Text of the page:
Warrants

Want Citizens' Private Electronic Data in California? Get a Warrant, Officer.

Governor signs bill requiring court orders for accessing things like texts and tracking location data.

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No snitching in this neighborhood.
Credit: jfingas / photo on flickr

A victory for privacy advocates in California: Gov. Jerry Brown has signed the California Electronic Communications Privacy Act. This legislation actually does what the title says. It requires law enforcement in California to get a warrant or court order to access private personal electronic data in the hands of the citizenry. It's a pretty broadly written bill. From Ars Technica:

Notably, the law specifically says that the government is forbidden from "accessing electronic device information by means of physical interaction or electronic communication with the device," barring a short list of exceptions. …

Brian Owsley, a law professor at the University of North Texas, and a former federal judge, lauded the new law's wide berth.

"This legislation provides citizens and non-citizens alike when in California greater protections than they enjoy at the federal or in most other states," he told Ars by e-mail.

"My initial read of the statute is such that it has a broad scope of coverage, which is beneficial in that it does not apply to specific technologies. In the future, as technological developments happen, the statute will have some flexibility in changing with the times. This obviates the need to come back next year and amend the statute, which may or may not be as politically feasible regarding a specific new technology."

The law does include requiring court orders to use stingray devices, tools law enforcement agencies have been using, often secretly, to track location data of smart phones in real time. The American Civil Liberties Union in California is thrilled:

"Governor Brown just signed a law that says 'no' to warrantless government snooping in our digital information. This is a landmark win for digital privacy and all Californians," said Nicole Ozer, Technology & Civil Liberties Policy Director at the ACLU of California. "We hope this is a model for the rest of the nation in protecting our digital privacy rights."

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  1. The law does include requiring court orders to use stingray devices, tools law enforcement agencies have been using, often secretly, to track location data of smart phones in real time.

    Seems like that’s going to violate agreements between local law enforcement and the feds loaning the devices out. Feds trump states.

    1. Agreements don’t have the force of law, so it’s not violating anything at this point I don’t believe. If there’s a federal statute requiring stingray devices to be used without a warrant then it would, but I’m pretty sure that law doesn’t exist.

      1. Agreements don’t have the force of law,

        The court will just give deference to any Fed agency.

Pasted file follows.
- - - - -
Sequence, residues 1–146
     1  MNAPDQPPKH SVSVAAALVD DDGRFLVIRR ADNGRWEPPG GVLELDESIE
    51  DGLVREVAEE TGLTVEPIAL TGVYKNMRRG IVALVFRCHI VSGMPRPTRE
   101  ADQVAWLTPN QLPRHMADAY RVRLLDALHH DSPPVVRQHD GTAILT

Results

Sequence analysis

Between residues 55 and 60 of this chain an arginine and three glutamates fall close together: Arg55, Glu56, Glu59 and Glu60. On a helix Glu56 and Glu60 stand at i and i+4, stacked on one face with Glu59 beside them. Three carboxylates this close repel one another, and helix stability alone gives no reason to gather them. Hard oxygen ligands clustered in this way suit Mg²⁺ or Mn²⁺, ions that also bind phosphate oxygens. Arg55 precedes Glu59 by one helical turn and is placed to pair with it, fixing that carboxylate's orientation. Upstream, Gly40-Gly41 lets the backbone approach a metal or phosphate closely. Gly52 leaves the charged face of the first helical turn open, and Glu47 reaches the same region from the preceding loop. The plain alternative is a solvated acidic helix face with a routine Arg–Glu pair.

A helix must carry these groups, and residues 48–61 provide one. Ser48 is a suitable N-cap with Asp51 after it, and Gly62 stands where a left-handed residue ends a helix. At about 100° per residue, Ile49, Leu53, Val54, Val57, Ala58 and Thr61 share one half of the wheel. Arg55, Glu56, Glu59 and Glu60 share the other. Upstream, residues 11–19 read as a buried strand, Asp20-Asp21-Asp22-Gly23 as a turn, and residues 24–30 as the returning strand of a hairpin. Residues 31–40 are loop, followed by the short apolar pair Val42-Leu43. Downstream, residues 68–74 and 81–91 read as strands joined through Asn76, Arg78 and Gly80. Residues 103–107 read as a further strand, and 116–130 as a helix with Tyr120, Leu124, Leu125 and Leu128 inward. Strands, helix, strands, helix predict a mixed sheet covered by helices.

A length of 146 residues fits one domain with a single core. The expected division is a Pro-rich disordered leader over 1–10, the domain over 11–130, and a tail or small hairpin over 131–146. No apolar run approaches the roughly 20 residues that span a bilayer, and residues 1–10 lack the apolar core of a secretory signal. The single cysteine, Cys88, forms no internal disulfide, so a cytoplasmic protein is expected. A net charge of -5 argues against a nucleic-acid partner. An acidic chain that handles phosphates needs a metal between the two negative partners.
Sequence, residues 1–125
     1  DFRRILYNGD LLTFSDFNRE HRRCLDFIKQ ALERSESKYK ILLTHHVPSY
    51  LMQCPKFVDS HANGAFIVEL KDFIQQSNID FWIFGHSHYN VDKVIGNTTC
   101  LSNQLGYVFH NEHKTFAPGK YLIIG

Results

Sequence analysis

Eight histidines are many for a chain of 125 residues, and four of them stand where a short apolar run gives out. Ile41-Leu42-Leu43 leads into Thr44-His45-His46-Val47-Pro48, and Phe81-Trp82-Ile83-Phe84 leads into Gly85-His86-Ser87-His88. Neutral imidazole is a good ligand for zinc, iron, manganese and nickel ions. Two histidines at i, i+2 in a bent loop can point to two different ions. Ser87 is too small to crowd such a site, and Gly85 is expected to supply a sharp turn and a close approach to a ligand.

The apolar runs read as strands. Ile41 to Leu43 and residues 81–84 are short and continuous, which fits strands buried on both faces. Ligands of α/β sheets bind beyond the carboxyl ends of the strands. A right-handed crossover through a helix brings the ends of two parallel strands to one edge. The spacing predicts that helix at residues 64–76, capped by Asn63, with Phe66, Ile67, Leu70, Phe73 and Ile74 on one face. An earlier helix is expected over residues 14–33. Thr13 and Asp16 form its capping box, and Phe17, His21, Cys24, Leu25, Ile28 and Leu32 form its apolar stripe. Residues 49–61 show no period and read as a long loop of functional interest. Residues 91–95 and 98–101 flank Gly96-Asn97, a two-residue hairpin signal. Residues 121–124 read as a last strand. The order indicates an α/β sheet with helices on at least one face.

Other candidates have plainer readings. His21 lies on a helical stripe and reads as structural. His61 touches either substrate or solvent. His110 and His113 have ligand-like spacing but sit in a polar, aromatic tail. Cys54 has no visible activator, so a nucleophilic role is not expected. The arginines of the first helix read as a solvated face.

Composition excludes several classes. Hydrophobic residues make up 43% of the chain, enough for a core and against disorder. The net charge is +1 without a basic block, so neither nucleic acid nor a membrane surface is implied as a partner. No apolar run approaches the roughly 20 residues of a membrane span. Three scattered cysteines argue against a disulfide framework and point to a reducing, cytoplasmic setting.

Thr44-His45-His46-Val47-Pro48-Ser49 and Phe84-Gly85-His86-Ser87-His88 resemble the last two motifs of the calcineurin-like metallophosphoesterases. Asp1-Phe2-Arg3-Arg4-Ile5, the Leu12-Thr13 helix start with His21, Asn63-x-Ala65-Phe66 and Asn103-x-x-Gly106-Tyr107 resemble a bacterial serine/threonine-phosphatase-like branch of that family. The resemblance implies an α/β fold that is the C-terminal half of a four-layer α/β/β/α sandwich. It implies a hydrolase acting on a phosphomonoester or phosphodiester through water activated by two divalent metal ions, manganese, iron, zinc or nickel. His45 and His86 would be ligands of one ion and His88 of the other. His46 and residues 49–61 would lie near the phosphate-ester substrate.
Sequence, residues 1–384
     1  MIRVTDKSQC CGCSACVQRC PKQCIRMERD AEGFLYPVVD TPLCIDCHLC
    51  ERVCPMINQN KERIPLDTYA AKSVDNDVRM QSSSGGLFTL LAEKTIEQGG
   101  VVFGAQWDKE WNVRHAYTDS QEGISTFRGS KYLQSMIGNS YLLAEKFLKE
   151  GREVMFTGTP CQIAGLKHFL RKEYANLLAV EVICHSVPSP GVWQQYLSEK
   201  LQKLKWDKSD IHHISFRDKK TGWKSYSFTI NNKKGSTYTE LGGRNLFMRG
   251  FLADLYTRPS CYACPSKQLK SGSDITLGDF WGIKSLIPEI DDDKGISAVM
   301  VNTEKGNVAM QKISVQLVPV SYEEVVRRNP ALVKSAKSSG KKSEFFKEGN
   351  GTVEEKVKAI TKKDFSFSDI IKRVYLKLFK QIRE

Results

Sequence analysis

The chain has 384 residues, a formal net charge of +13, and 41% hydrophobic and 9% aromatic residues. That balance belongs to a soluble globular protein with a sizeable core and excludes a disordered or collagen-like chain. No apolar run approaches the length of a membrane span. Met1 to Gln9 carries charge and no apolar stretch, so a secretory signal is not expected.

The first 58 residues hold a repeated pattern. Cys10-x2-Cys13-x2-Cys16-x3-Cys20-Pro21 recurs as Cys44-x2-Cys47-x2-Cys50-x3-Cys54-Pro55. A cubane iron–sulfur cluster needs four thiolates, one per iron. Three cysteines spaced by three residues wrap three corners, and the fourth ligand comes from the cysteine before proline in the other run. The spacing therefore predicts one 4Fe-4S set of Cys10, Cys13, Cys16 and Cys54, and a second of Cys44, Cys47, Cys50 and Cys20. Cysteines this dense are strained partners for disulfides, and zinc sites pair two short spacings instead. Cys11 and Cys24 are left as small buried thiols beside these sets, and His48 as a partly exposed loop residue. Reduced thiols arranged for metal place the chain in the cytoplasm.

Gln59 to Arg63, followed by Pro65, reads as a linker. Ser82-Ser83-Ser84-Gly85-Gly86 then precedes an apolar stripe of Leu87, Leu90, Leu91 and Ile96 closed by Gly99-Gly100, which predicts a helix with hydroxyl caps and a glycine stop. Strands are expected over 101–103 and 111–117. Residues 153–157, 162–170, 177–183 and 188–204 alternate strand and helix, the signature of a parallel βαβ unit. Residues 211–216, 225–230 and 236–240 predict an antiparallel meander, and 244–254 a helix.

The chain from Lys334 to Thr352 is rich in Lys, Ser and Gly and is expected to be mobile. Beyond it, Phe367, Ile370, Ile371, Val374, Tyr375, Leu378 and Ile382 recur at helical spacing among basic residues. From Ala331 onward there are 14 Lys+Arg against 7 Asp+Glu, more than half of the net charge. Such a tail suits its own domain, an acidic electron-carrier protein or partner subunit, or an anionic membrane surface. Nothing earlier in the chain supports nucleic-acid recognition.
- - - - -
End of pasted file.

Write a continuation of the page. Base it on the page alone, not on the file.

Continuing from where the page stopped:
2. Speaking of this, anybody know how to get a name and address out of just a cell phone number? Got ripped off on Craigslist, police blew me off (sent me to Federal Trade Commission, and gave me an FBI internet fraud number that doesn’t work). Just want to take the punk to small claims.

    For some reason the privacy of cell phone numbers seems to be well protected.

    1. If it’s for enough money, hire a PI. They might be able to track the person down.

    2. There are pay services out there that do this but you need a legitimate reason to sign up for them. Also, these services are extremely unreliable. Verizon, et al., don’t release customer information and these services instead scrape info from other sources which may be old, inaccurate, etc.

  3. I’m sure there’s an FYTW clause in there somewhere that will let police do what they’ve been doing all along. Those charged with interpreting and applying the law just haven’t invented it yet.

  4. It requires law enforcement in California to get a warrant or court order to access private personal electronic data in the hands of the citizenry.

    Sure.

    1. Is there anything in the bill that you’ve read that indicates otherwise?

      1. Read the bill? Why would I do that?

  5. Libertarian Moment.

  6. Brian Owsley. I wonder if he is named for Owsley Stanley, hero of the 60’s.

    1. THAT’S NOT HOW LAST NAMES WORK. /Morbo

  7. It’s quite sad that law after law has to be written and (maybe) passed to eventually protect what the 4th already encompases. In the meantime, Gov’t just tramples all over it in the name of “protecting and serving”.. something Rights actually do… and violating them does not.
    If anything screams “not working” it’s this system of USA injustice. Who’s being held accountable for the crimes of warrantless searches that have gone on for well over a few decades (just on this issue) up to this point? Absolutely no one. Gov’t commits crime after crime, minute after minute, and all that might happen is an eventual… “shucks, we can’t do that anymore.”

  8. Holy Shit !… Is it “Opposite Day again?”.. Already?. The PRC makes a law,…and that law
    is in favor of the individual?!?.. And limits the power of Leviathan?.. This must be a hoax. Has to be. I mean the fucking Light Bringer hisself gave the Chancellor for Life speech once again down there today. To ecstatic crowds of zombies; if the MSM news feed can be believed.

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